The Pleasures of Love: Being Amatory Poems
J. Cundee, 1806 - 188 pages
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Expressions et termes fréquents
anguish arms beams beauteous beauty beneath birds blest bliss bloom blow blush bosom bower breast breath bright bring cease charms cheek dart dear death delight desire eyes face fade fair fancy fate fear fire flow flowers fond fresh gale gentle give glowing grace grove hair hand hast head hear heart Heaven Hide hope hour kiss Laura leave light lips look lover lustre maid meet melting morn ne'er never night nymph o'er once pain pale passion play pleasure rapture rest rise rose round seek shade shining sigh sight sing smile snow soft SONG soon soul speak Spring strain stream sweet tear tell tender thee thine thou thought thousand turn twas Venus wanton waves wind wing wish wounds Yarrow young youth
Page 184 - Shake hands for ever, cancel all our vows, And when we meet at any time again, Be it not seen in either of our brows That we one jot of former love retain.
Page 171 - WHY so pale and wan, fond lover? Prithee, why so pale? Will, when looking well can't move her, Looking ill prevail? Prithee, why so pale?
Page 175 - Go, lovely Rose ! Tell her, that wastes her time and me, That now she knows, When I resemble her to thee, How sweet and fair she seems to be. Tell her that's young, And shuns to have her graces spied, That hadst thou sprung In deserts, where no men abide, Thou must have uncommended died. Small is the worth Of beauty from the light retired ; Bid her come forth, Suffer herself to be desired, And not blush so to be admired.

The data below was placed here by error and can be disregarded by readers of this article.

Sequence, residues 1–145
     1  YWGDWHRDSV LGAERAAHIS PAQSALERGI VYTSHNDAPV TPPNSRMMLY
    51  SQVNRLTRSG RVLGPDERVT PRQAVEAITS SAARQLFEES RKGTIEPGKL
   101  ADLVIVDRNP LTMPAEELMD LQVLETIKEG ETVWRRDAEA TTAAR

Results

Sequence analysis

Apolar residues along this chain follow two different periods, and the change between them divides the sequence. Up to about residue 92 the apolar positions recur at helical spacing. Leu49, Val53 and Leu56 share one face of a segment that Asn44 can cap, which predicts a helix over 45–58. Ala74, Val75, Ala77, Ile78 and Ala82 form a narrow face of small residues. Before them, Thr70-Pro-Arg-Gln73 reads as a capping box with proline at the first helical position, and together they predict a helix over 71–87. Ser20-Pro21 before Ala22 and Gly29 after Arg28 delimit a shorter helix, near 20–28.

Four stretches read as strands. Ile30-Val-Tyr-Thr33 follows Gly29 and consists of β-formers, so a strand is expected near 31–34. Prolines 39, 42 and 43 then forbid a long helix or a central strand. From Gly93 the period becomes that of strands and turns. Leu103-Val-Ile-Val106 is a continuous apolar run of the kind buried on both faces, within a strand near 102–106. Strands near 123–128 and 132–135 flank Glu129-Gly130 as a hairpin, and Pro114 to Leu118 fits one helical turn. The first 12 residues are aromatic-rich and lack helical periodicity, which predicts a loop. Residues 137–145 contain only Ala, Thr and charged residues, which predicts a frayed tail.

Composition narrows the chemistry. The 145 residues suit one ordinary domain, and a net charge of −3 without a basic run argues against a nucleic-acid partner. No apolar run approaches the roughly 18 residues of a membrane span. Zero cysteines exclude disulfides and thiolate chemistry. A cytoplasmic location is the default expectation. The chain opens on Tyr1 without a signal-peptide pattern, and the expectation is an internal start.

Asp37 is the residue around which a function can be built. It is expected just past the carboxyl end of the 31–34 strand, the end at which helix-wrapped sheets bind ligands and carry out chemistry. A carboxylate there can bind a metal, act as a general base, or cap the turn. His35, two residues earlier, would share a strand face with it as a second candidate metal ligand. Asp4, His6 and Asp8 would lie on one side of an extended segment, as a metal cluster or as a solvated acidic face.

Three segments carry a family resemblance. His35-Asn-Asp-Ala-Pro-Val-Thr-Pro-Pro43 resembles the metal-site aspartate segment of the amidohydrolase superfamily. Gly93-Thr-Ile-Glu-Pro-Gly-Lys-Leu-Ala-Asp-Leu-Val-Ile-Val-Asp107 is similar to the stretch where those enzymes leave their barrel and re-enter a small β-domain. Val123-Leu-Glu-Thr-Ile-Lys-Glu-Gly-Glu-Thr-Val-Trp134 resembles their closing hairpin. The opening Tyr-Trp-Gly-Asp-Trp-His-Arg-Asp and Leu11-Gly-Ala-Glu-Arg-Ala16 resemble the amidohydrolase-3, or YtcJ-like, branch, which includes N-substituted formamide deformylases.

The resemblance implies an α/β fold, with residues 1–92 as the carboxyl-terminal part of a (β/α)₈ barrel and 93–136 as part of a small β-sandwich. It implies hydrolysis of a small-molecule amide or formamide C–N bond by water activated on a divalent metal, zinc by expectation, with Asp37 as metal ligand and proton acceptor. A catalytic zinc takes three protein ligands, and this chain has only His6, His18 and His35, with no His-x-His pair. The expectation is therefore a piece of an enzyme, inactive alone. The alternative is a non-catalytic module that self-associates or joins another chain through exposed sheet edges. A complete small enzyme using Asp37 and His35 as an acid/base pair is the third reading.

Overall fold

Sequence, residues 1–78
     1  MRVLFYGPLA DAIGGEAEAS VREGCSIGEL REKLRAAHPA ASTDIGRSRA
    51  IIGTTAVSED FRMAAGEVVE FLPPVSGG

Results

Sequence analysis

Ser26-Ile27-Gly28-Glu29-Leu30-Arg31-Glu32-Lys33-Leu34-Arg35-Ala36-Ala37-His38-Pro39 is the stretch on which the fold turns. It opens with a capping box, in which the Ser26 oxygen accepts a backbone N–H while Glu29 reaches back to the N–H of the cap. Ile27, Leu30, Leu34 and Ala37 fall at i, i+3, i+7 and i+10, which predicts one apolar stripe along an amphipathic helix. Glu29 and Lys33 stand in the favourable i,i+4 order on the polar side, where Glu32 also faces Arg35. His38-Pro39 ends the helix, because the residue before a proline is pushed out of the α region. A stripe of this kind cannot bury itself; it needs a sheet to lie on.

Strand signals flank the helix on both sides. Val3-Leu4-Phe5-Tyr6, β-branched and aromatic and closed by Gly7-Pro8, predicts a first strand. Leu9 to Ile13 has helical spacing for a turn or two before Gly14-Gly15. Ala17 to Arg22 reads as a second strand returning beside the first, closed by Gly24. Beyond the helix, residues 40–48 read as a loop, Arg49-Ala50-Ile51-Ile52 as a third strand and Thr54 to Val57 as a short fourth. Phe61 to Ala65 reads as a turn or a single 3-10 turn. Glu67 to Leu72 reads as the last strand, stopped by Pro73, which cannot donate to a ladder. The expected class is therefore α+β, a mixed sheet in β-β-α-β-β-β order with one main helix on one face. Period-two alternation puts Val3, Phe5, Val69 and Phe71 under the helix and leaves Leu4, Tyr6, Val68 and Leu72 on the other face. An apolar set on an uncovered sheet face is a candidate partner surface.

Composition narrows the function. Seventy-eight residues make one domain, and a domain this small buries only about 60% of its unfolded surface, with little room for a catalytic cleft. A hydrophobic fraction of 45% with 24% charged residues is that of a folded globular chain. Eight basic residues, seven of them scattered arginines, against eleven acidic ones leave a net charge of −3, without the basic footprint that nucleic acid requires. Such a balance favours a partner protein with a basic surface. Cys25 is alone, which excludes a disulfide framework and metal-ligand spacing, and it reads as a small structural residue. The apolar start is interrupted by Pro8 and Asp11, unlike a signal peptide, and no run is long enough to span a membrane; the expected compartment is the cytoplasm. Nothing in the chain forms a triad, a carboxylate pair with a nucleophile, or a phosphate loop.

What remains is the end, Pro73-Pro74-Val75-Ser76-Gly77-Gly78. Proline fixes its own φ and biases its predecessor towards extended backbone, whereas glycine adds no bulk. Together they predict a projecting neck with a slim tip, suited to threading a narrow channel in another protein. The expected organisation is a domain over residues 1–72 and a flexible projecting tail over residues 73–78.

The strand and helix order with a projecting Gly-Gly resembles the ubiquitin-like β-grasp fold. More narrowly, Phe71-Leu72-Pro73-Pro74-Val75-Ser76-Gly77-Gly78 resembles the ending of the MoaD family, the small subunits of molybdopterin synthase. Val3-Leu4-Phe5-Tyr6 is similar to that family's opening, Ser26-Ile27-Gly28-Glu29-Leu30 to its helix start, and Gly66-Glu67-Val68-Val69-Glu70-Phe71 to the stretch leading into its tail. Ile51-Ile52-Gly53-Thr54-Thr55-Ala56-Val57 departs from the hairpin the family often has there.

Page 178 - I'll seek him in your bonnet brave ; I'll seek him in your eyes ; Nay, now I think they've made his grave I' th' bed of strawberries. I'll seek him there ; I know, ere this, The cold, cold earth doth shake him ; But I will go, or send a kiss By you, sir, to awake him. Pray hurt him not ; though he be dead, He knows well who do love him ; And who with green turfs rear his head, And who do rudely move him.
Page 140 - The green-wood path to meet her brother; They sought him east, they sought him west, They sought him all the forest thorough; They only saw the cloud of night, They only heard the roar of Yarrow. No longer from thy window look — Thou hast no son, thou tender mother! No longer walk, thou lovely maid; Alas, thou hast no more a brother! . No longer seek him east or west And search no more the forest thorough; For, wandering in the night so dark, He fell a lifeless corpse in Yarrow.
Page 164 - I do confess thou'rt smooth and fair, And I might have gone near to love thee ; Had I not found the slightest prayer That lips could speak had power to move thee : But I can let thee now alone, As worthy to be loved by none.
Page 151 - MY dear mistress has a heart Soft as those kind looks she gave me; When with love's resistless art, And her eyes, she did enslave me. But her constancy's so weak, She's so wild and apt to wander, That my jealous heart...
Page 18 - Go boldly forth, my simple lay ; Whose accents flow with artless ease, Like orient pearls at random strung : Thy notes are sweet the damsels say ; But, oh ! far sweeter, if they please The nymph for whom these notes are sung.
Page 180 - Phoenix' urn and nest. Fear not your ships, Nor any to oppose you save our lips, But come on shore, Where no joy dies till love hath gotten more. For swelling waves, our panting breasts, Where never storms arise, Exchange ; and be awhile our guests : For stars gaze on our eyes. The compass Love shall hourly sing, And, as he goes about the ring, We will not miss To tell each point he nameth with a kiss : THE CHARM.
Page 116 - In every heavenly feature smil'd, And ask'd what new complaints I made, And why I call'd you to my aid ? What frenzy in my bosom rag'd, And by what cure to be assuag'd ? What gentle youth I would allure, Whom in my...